Saudi Arabian Judge Makes Domestic Violence Comments
Hamad Al-Razine, a Saudi Arabian Judge, made statements indicating that men can hit their wives as punishment for overspending during a recent seminar on domestic violence. According to the Arab News, his comments caused immediate outrage from those attending the seminar. Attendees included Princess Adila bint Abdullah who is Saudi Arabia's deputy chairperson of the National Family Safety Program.
Al-Razine said "if a person gives SR 1,200 [$320] to his wife and she spends 900 riyals [$240] to purchase an abaya [the black cover that women in Saudi Arabia must wear] from a brand shop and if her husband slaps her on the face as a reaction to her action, she deserves that punishment," according to CNN. He also reportedly said that women's use of offensive words and indecent behavior are causes of domestic violence in the country.
Wajeha Al-Huwaider, a Saudi Arabian women's rights activist told CNN "This is how men in Saudi Arabia see women....It's not something they read in a book or learned from a friend. They've been raised to see women this way, that they're less than a person."
Women's rights in Saudi Arabia are currently limited on a number of fronts including marriage rights, freedom to travel, property ownership, education, and work. At a meeting earlier this year, members of the United Nations Human Rights Council urged Saudi Arabia to actively work to end pervasive human rights violations in the country, particularly those against women and children.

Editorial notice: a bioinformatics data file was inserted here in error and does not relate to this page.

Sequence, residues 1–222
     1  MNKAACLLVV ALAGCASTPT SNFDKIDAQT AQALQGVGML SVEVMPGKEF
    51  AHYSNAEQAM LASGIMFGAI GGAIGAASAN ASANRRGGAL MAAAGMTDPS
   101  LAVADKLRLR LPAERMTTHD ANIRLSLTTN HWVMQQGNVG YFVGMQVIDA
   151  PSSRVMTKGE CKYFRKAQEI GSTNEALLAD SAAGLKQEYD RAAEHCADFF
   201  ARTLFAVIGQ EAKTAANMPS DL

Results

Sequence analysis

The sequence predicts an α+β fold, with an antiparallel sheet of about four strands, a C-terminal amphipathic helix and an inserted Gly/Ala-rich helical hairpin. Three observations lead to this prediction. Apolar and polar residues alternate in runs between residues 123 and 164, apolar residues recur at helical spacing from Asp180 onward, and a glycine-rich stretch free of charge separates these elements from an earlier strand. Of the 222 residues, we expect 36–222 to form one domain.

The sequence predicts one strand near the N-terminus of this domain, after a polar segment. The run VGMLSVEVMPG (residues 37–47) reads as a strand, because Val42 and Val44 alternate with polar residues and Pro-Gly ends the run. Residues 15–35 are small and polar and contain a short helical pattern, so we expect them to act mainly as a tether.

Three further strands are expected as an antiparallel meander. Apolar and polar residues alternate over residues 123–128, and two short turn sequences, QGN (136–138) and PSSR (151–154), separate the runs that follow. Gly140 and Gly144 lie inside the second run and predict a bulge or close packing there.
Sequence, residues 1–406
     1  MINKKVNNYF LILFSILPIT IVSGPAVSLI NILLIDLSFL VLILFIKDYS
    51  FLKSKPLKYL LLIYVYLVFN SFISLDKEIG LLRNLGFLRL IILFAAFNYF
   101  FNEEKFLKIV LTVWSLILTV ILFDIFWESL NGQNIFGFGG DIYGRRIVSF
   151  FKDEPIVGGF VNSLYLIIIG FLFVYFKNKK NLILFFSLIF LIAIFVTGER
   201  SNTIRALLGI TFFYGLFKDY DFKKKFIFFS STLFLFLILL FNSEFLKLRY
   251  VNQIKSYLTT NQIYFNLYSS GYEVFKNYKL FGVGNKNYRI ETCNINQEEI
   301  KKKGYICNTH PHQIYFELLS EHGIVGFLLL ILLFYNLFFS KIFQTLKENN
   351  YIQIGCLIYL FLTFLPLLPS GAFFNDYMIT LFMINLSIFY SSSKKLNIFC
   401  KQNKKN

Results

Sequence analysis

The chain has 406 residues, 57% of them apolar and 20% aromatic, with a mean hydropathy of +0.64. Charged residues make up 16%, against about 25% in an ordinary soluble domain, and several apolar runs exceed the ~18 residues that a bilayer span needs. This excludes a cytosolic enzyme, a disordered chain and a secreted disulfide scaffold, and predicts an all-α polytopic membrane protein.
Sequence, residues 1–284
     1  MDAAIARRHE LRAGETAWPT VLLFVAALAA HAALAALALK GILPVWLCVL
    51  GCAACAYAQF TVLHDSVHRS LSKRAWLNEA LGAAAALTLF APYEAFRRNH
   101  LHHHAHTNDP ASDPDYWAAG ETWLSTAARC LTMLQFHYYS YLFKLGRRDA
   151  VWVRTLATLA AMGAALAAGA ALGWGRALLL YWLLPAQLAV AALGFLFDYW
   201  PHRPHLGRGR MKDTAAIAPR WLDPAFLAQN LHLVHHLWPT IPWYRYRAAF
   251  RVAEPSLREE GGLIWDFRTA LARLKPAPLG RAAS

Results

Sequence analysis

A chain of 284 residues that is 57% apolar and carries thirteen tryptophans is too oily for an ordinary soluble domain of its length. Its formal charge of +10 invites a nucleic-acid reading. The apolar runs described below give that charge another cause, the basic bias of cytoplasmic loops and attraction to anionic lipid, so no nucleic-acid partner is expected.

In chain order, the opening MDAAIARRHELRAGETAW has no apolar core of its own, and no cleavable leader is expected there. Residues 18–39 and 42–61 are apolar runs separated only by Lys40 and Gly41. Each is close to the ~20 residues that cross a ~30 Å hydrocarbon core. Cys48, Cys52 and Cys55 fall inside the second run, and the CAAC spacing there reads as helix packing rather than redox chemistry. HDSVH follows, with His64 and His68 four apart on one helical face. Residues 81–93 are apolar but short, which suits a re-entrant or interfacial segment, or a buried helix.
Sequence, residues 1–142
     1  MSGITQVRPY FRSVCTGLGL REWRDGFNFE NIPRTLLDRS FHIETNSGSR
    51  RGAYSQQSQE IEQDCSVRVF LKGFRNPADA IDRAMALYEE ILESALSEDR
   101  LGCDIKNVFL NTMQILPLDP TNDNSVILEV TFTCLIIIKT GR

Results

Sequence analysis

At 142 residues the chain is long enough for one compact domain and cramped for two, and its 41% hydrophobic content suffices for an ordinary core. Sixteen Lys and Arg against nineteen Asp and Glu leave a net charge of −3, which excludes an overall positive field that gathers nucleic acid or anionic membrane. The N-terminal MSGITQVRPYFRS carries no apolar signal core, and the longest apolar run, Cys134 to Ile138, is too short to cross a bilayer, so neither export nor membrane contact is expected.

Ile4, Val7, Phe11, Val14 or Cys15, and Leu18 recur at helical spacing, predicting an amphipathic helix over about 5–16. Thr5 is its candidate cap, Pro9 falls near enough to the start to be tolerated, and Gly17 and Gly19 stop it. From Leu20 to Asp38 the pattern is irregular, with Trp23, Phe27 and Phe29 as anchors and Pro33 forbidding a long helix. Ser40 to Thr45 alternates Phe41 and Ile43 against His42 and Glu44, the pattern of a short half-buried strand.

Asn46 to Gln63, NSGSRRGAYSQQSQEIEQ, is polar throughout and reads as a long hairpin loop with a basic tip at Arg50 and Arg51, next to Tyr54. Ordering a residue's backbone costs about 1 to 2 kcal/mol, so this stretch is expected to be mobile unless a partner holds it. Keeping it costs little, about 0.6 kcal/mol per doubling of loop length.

Media Resources: CNN 5/10/09; Arab News 5/10/09; Feminist Daily Newswire 3/17/09
1/27/2016 Taiwan Elects First Woman President - In a landslide victory, the leader of Taiwan's Democratic Progressive Party (DPP) Tsai Ing-wen won the country's presidential election, becoming the first woman in Taiwan's history to hold the position.
Emphasizing her party's commitment to maintaining Taiwan's independence from China, Tsai won over young voters eager to usher in a political changing of the guard following some 70 years of dominance by the pro-Chinese unification party, the Kuomintang (KMT), chaired by presidential opponent Eric Chu. . . .